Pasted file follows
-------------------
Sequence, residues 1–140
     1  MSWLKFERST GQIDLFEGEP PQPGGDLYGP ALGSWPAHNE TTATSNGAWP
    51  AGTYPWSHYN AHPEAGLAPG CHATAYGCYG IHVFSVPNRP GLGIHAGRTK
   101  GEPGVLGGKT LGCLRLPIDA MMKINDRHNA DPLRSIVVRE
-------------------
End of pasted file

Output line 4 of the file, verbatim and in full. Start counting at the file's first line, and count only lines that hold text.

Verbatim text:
   101  GEPGVLGGKT LGCLRLPIDA MMKINDRHNA DPLRSIVVRE